QoS is a concept that is very common now in Ethernet networking and it became very important a few years ago when the number of connected devices grew to a level where the noise generated by second tier applications was so loud it compromised mission critical workloads or specific vertical applications (like VOIP for example). Prioritization of IPs or protocols, band allocation, throughput throttling and others are all at the base of mechanisms thought up to grant the right QoS and, consequently, meet the required SLAs. Startups like Solidfire and CloudByte are really showing interesting approaches: the latter is implementing a sort of virtual controller (each virtual controller/tenant has its set of data volumes and QoS is controlled at that level) while the former has a very sophisticated and fine granular mechanism at the LUN level.
It is amazing that something as simple-sounding as making an array get bigger can be so complex, yet scaling storage is notoriously difficult. Our storage protocols just weren’t designed with scaling in mind, and they lack the flexibility needed to dynamically address multiple nodes. Data protection is extremely difficult and data movement is always time-consuming.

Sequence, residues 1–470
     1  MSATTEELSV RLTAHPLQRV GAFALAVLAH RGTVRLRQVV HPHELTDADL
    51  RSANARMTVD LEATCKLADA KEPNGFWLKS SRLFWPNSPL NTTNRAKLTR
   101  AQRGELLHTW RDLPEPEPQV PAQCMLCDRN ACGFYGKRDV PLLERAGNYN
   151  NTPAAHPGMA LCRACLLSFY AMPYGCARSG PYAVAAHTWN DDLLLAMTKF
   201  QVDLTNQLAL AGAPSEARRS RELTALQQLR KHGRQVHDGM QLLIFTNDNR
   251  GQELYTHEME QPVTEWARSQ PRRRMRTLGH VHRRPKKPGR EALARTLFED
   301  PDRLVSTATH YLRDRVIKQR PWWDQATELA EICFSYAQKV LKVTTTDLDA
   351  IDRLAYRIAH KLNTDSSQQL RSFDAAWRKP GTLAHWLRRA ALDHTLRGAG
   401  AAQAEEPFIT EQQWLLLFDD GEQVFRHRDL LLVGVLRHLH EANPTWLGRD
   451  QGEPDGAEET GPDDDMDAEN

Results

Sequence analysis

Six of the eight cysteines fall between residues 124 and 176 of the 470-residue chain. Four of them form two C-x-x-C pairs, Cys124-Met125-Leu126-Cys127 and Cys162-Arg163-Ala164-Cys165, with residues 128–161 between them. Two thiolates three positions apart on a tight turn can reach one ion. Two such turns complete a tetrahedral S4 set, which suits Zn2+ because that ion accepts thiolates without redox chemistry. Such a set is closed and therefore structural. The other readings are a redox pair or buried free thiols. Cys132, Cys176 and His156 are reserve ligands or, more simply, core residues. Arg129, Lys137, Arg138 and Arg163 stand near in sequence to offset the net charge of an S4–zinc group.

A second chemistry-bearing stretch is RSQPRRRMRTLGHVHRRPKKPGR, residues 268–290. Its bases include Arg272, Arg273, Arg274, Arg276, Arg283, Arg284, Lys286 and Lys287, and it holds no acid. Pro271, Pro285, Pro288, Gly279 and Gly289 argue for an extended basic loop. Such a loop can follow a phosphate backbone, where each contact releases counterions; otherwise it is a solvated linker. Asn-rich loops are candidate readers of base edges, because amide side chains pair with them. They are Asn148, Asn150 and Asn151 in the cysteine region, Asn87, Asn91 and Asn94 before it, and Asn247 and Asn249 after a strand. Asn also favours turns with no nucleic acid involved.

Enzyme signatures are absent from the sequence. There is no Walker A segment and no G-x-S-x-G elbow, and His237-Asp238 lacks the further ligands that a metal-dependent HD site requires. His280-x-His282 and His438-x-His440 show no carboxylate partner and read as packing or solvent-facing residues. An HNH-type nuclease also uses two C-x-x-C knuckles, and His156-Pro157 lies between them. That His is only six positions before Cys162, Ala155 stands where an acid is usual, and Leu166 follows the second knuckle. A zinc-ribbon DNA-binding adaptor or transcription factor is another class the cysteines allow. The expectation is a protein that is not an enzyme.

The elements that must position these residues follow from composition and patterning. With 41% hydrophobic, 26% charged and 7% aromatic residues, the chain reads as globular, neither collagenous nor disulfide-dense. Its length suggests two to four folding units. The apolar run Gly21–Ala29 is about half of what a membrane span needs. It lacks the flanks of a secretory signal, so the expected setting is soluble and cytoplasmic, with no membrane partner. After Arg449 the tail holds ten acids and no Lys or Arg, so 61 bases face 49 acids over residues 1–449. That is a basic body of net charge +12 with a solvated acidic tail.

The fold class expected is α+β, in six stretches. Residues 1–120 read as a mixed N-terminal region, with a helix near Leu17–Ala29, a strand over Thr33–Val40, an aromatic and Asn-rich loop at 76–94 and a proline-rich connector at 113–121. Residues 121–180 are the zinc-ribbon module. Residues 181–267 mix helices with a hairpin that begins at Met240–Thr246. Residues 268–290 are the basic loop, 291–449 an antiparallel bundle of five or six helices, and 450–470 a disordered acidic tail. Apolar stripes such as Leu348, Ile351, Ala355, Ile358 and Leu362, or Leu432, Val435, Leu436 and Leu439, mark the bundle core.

CloudByte is a company partly Indian and partly American, with offices both in Bangalore and Cupertino. Their main product is ElastiStor: it’s a software only solution able to transform a server with some local storage (or connected to a remote storage) in a storage array. Several ElastiStor machines can be connected together to form a distributed, scale-out storage.